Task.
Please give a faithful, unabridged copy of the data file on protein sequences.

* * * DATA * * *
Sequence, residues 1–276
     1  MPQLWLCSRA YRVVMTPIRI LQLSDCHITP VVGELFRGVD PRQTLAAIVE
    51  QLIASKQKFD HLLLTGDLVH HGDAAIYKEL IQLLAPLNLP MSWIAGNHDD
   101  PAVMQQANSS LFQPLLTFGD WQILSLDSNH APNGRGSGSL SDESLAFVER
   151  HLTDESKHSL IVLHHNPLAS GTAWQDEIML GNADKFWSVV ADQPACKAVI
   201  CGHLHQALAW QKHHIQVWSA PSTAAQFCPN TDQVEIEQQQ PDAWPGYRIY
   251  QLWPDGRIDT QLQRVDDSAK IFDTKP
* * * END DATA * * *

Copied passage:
Sequence, residues 1–276
     1  MPQLWLCSRA YRVVMTPIRI LQLSDCHITP VVGELFRGVD PRQTLAAIVE
    51  QLIASKQKFD HLLLTGDLVH HGDAAIYKEL IQLLAPLNLP MSWIAGNHDD
   101  PAVMQQANSS LFQPLLTFGD WQILSLDSNH APNGRGSGSL SDESLAFVER
   151  HLTDESKHSL IVLHHNPLAS GTAWQDEIML GNADKFWSVV ADQPACKAVI
   201  CGHLHQALAW QKHHIQVWSA PSTAAQFCPN TDQVEIEQQQ PDAWPGYRIY
   251  QLWPDGRIDT QLQRVDDSAK IFDTKP